succeeds in convincing or tricking the majority party to refrain from acting
like the majority, therefore, I can’t really blame the minority.
May 12, 2003
You assassinate a few leaders, fire off a couple
mortar attacks at some others, and all of a sudden somebody thinks you’re a
terrorist organization. What’s up with that?
Sometimes you can
only marvel at how some folks can be so morally obtuse.
Reading between the
lines of a DC Circuit
Court of Appeals decision issued last Friday, it looks like the
appellate panel shares this sense of wonder.
The Secretary of
State has the power to declare certain qualifying entities as “foreign
terrorist organizations.” This declaration carries with it some serious
consequences, such as blocking access to U.S. financial institutions,
criminalizing any support given to the organization, and denying entrance
into the United States to any of the organization’s representatives.
On at least three
occasions, 1997, 1999, and 2001, the Secretary made just such a
determination about The People’s Mojahedin Organization of Iran (PMOI). In
so doing the Secretary relied upon both classified and non-classified
information, as permitted under the statutory and administrative scheme that
applied to this process.
PMOI appealed these
designations to the DC Circuit. The primary basis for the appeal centered on
the fact that classified information was part of the decisional mix used by
the Secretary, and that the Iranians had no ability to access the
information and no right to respond to it.
If the terrorist
designations were based solely upon the classified record, perhaps the
courts would have been faced with some interesting separation of powers
In this case,
however, PMOI had been given access to the unclassified record, and in fact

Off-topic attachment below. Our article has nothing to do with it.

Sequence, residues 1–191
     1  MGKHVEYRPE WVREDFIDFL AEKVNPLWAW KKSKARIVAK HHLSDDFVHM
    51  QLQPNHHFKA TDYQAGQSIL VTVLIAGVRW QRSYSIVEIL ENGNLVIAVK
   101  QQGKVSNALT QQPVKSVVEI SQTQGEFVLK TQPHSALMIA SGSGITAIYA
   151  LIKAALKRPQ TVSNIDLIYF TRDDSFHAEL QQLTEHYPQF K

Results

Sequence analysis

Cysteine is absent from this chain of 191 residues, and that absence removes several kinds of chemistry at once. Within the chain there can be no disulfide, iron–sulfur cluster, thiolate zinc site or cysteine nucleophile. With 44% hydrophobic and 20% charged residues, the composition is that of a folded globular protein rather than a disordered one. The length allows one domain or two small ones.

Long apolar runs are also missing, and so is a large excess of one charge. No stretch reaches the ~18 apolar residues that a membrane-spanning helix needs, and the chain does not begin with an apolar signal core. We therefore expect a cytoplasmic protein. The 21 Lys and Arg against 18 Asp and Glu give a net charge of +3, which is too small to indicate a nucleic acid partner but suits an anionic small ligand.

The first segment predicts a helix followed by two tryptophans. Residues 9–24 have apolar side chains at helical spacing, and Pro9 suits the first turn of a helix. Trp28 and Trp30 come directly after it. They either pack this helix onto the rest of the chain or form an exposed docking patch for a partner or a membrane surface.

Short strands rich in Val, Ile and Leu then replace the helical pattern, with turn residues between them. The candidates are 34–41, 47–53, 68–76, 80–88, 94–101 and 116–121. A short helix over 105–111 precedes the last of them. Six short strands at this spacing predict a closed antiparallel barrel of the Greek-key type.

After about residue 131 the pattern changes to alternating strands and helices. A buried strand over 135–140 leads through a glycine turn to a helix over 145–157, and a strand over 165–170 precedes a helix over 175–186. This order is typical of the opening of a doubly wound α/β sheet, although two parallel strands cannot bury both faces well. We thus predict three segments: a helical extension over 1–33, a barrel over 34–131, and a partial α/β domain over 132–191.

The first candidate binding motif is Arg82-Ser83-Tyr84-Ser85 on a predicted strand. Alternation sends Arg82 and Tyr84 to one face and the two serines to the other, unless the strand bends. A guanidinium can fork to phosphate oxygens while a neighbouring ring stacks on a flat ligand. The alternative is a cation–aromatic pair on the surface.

contributed to it with its own submissions to the Secretary. As the Circuit
Court found, there was more than enough damning information in the
unclassified record to convert any legal quibbles about the classified
documents into harmless error at best:
By statutory definition, "terrorist activity" ... involves any of the
(III) A violent attack upon an internationally protected person (as
defined in section 1116(b)(4) of Title 18) or upon the liberty of such a
(IV) An assassination.
(V) The use of any … explosive or firearm (other than for mere personal
monetary gain), with intent to endanger, directly or indirectly, the
safety of one or more individuals or to cause substantial damage to
By its own admission, the PMOI has
(1) attacked with mortars the Islamic Revolutionary Prosecutor's
Office; (2) assassinated a former Iranian prosecutor and killed his
security guards; (3) killed the Deputy Chief of the Iranian Joint Staff
Command, who was the personal military adviser to Supreme Leader Khamenei;
(4) attacked with mortars the Iranian Central Command Headquarters of the
Islamic Revolutionary Guard Corps and the Defense Industries Organization
in Tehran; (5) attacked and targeted with mortars the offices of the
Iranian Supreme Leader Khamenei, and of the head of the State Exigencies
Council; (6) attacked with mortars the central headquarters of the
Revolutionary Guards; (7) attacked with mortars two Revolutionary Guards
Corps headquarters; and (8) attacked the headquarters of the Iranian State
Security Forces in Tehran.
Were there no classified information in the file, we could hardly find
that the Secretary's determination that the Petitioner engaged in
terrorist activities is "lacking substantial support in the administrative
record taken as a whole," even without repairing to the "classified
information submitted to the court." 8 U.S.C. § 1189(b)(3)(D).
The civil appeal by
these unambiguously uncivil litigants was therefore dismissed.
To be blunt, on this
record it’s a mystery to me how the Iranians thought they could win this
appeal in the first place.
May 11, 2003
A local variation on the Lake Wobegon effect
We're all a little sleepy this morning.
We were up late watching the promenade.
Like hundreds if not thousands of small towns
throughout much of the country, around here the annual high school prom is a
highly popular social event, and not just for the kids attending it.
Hundreds of folks gathered outside the Rehoboth
Beach Convention Center to see each couple being announced, walking down a
carefully prepared path, and smiling through a gauntlet of flash
photography, cheers, and occasional hoots of laughter.
The promenade shows off the girls in their stunning
outfits, all looking at least 25. The boys, sometimes also dressed in
stunning ensembles, but usually in fairly conservative tuxes, tend to look
not much older than 15.
There are no ugly kids at the Cape Henlopen prom.
Instead, all of them are smart, good-looking, and
well above average, a slight variation on
At least, that's how the community treats them
during the promenade.
Did I mention we love living here?